Apple has seen this before.
Microsoft has copied several innovations made famous by Steve Jobs, from the mouse to the intuitive smartphone. Some have modestly succeeded. Others have flopped.
The new Surface tablet device Microsoft announced in Los Angeles Monday looks like another me-too product. The dimensions of the Surface will be nearly identical to those of the iPad. It will have a similar touch screen and, if Microsoft is smart, usability that mimics the beloved iPad.
Microsoft is notoriously ham-fisted with computing innovations that go much beyond its core software, and Apple will probably come up with fresh upgrades to the iPad that will secure its place as the market leader in tablets. But Apple can't afford to dismiss Microsoft either, and in this way, Microsoft is doing consumers a huge favor.
The Surface, likely to go on sale later this year, will include several things notoriously missing from the basic iPad, such as a keyboard and a built-in way of propping it up. These features are readily available as aftermarket devices for the iPad, including a slew of add-ons offered by third-party suppliers. But they raise the all-in cost to consumers. And by excluding such things from the iPad's set of standard features, Apple lowers the cost of producing the device, keeping its profit margins high.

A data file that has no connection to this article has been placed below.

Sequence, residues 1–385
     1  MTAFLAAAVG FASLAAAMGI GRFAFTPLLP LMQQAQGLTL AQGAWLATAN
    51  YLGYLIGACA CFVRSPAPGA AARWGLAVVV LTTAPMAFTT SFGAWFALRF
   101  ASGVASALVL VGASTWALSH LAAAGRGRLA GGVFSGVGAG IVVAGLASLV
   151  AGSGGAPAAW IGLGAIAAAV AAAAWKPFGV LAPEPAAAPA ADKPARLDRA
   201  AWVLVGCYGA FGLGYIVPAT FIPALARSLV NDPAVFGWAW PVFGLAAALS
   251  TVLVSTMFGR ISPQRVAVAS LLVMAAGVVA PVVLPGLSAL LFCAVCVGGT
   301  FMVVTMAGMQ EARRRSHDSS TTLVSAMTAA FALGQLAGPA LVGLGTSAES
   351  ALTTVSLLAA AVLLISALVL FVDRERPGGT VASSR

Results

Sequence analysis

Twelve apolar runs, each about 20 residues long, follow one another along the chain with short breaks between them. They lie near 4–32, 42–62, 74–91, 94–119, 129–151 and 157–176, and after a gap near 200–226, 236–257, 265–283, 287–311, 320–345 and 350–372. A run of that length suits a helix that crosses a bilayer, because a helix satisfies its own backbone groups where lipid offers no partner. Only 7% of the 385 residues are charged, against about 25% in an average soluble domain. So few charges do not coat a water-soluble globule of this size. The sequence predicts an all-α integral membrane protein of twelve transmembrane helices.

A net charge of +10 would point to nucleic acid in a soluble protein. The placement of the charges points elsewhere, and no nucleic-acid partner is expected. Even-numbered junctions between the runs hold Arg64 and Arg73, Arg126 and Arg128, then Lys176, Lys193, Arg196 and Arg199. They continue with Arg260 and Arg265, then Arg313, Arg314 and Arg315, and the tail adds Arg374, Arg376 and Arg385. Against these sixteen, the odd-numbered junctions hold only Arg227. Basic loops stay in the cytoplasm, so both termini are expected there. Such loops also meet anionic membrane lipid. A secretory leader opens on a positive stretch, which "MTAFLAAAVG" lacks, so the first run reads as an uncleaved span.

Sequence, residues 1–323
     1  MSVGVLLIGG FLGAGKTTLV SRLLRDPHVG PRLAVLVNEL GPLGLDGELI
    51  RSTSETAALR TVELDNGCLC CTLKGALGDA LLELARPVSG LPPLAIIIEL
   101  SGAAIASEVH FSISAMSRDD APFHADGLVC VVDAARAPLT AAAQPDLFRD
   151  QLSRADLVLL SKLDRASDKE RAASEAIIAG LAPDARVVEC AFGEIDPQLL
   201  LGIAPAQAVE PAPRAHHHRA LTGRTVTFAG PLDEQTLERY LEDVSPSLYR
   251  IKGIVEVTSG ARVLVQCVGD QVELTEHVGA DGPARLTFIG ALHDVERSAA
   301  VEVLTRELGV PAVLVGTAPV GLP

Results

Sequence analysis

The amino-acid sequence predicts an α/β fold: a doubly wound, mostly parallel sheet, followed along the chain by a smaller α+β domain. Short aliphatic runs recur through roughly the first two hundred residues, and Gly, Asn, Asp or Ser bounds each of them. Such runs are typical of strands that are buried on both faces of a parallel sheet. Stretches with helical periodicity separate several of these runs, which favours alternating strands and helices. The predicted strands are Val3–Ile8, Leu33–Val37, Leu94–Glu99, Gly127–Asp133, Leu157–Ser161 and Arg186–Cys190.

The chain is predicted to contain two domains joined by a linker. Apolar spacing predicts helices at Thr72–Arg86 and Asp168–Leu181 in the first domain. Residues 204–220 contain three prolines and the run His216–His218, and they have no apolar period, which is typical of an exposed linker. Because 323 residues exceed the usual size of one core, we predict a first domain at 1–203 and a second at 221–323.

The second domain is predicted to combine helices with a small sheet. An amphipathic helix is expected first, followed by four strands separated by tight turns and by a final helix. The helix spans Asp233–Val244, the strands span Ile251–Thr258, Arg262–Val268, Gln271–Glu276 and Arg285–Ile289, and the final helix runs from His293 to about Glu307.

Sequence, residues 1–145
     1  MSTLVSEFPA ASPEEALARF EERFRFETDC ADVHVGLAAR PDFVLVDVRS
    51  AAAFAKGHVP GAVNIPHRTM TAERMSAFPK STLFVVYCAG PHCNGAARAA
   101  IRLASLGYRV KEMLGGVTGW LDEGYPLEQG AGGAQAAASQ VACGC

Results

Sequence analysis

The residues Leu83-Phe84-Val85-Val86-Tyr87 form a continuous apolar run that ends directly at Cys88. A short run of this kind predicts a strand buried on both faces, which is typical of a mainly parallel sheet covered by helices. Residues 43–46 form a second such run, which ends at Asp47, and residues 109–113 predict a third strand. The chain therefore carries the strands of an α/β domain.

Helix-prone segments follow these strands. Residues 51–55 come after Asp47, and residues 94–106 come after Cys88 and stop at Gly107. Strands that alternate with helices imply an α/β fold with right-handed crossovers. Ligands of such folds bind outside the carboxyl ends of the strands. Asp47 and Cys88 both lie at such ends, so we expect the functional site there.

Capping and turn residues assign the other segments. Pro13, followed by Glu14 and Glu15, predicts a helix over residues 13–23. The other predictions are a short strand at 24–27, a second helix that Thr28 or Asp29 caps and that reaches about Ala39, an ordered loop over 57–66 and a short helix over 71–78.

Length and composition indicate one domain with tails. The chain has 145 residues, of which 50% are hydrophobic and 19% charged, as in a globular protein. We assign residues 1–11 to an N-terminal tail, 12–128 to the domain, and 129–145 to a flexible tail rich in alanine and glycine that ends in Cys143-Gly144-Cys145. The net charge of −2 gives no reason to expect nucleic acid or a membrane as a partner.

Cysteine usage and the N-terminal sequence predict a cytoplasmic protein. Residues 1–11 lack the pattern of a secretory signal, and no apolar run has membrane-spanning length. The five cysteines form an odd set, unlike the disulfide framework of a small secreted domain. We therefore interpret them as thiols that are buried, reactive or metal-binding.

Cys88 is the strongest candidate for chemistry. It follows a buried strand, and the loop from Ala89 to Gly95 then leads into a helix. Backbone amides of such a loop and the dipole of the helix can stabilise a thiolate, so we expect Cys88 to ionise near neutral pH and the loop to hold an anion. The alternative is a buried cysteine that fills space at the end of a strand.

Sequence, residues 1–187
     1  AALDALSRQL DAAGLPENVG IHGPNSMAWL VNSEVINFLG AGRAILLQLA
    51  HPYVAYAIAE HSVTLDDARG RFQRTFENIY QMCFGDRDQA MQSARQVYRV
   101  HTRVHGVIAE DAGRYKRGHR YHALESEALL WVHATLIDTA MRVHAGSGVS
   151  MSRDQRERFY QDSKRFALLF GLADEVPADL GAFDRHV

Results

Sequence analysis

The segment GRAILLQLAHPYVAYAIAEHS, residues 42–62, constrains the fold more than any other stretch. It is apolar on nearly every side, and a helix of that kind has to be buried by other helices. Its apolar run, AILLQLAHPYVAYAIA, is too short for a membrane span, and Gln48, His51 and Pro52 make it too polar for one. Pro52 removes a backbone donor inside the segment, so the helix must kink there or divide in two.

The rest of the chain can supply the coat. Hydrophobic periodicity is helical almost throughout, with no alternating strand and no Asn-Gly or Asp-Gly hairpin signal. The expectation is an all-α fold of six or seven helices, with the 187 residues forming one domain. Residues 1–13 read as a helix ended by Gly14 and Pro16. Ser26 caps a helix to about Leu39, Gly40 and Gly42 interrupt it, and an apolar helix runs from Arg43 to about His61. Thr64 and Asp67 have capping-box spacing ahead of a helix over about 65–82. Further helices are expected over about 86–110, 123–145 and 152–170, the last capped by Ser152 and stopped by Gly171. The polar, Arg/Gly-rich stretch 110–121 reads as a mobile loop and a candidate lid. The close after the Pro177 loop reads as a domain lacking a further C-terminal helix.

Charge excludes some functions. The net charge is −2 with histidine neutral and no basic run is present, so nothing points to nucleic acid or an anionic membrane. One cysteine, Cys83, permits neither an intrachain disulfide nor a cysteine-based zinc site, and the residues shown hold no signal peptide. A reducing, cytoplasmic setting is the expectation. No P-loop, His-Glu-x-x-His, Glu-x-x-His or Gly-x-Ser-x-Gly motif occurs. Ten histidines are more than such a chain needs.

That's a typical "first-mover" advantage that goes to firms that introduce breakthrough products. But that advantage will erode as the Microsoft Surface offers more standard features than the current version of the iPad. And Microsoft will no doubt price the Surface to make it seem like a relative bargain.
Microsoft will address another shortcoming of the iPad by making the Surface compatible with popular Microsoft programs such as Word and Excel. There are plenty of apps for the iPad that allow users to generate documents and crunch numbers, but the Surface could make the process smoother by integrating the required software right into the operating system and eliminating workarounds. The Surface would enjoy another advantage if it came with popular software from other providers, such as Acrobat and Flash from Adobe.
Microsoft could easily bungle its foray into tablets. (Anybody out there own a Windows 7 smartphone?) But it could also transform the whole market. To address the competitive threat, Apple will have to make the iPad even more practical, with more basic features. A keyboard might become standard, or come on certain versions of the iPad. More software will have to be included. Other table competitors, such as Samsung, Sony and Amazon, will stay in the race too, which will help push prices down and capabilities up, just as happens with PCs and laptops.
Apple has a huge base of loyal fans who will stick with the iPad no matter what. Microsoft, by contrast, is more of a utilitarian firm beloved by hardly anybody. But its entry into the tablet market will help push tablets downmarket, so they're no longer just playthings for people with disposable income.
The same thing has happened in the smartphone market, with Apple's iPhone holding court at the high end, while Google's Android phones and other competitors grab a huge share in the middle. As more models from other competitors enter the market, consumers at both ends of the spectrum win.
Rick Newman is the author of Rebounders: How Winners Pivot From Setback To Success. Follow him on Twitter: @rickjnewman.